fundraising

Democratic female freshmen signal Alexandria Ocasio-Cortez doesn’t represent them
Democrats with military, CIA backgrounds unite to fundraise for each other

Democratic House freshmen banding together to help each other raise money to keep their seats in 2020 are, from left, Reps. Mikie Sherrill, Abigail Spanberger, Elissa Slotkin, and Chrissy Houlahan, along with Rep. Elaine Luria. (Tom Williams/CQ Roll Call file photo)

Five freshman Democratic women in the House want the world to know that the newcomers receiving the most attention so far in the 116th Congress aren’t reflective of the women who ran and won in tough districts last fall.

At an event to tout their formation of a joint fundraising committee to tap each other’s donors (and hopefully bring in more), the five, all with military or intelligence backgrounds, never mentioned New York Rep. Alexandria Ocasio-Cortez by name.

House Ethics launches new system for fundraising exemption requests
Memo also reminds lawmakers of existing fundraising rules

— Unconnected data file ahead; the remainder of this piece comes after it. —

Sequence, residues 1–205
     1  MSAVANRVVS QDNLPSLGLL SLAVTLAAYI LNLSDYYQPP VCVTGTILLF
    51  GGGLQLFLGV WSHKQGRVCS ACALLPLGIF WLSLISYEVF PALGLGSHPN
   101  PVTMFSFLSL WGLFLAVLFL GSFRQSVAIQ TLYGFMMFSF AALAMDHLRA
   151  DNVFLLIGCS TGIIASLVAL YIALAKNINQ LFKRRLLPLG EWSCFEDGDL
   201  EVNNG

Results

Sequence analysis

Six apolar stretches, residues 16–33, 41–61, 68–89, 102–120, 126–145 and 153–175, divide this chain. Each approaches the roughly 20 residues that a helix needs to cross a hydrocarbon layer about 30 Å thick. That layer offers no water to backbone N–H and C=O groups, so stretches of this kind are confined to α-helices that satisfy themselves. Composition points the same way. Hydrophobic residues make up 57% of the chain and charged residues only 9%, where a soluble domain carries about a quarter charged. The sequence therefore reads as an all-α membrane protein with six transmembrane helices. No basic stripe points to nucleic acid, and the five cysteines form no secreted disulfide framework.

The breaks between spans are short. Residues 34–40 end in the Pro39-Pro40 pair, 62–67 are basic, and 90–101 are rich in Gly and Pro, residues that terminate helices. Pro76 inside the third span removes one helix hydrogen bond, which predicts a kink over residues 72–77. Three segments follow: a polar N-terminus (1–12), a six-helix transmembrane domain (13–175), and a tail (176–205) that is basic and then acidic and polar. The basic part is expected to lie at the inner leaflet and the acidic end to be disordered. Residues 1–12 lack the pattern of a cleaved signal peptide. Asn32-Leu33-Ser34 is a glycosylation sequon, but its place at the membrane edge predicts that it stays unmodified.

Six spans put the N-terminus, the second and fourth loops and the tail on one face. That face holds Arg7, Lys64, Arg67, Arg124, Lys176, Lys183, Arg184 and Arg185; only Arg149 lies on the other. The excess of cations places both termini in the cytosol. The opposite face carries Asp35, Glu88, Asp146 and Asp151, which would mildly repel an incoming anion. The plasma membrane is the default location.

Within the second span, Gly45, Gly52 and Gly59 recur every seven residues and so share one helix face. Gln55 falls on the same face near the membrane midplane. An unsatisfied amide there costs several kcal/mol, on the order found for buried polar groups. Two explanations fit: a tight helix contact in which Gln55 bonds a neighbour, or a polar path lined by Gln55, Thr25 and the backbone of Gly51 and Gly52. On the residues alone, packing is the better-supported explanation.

House Ethics released a memo reminding members of fundraising rules. (Tom Williams/CQ Roll Call file photo)

The House Ethics Committee issued a memo Thursday, informing lawmakers of a new simplified way to request a waiver from fundraising rules and reminding them of exactly what those rules are.

“Please note, the circumstances under which Members, officers, and employees may engage in fundraising activities are very fact specific,” reads the memo from Chairman Ted Deutch of Florida and ranking member Kenny Marchant of Texas.

‘No corporate PAC’ pledges aren’t always so pure
Contributions sometimes go through other lawmakers or party committees

Rep. Tom Malinowski, D-N.J., Malinowski, says he is proud he doesn’t take direct contributions from corporate PACs. (Bill Clark/CQ Roll Call file photo)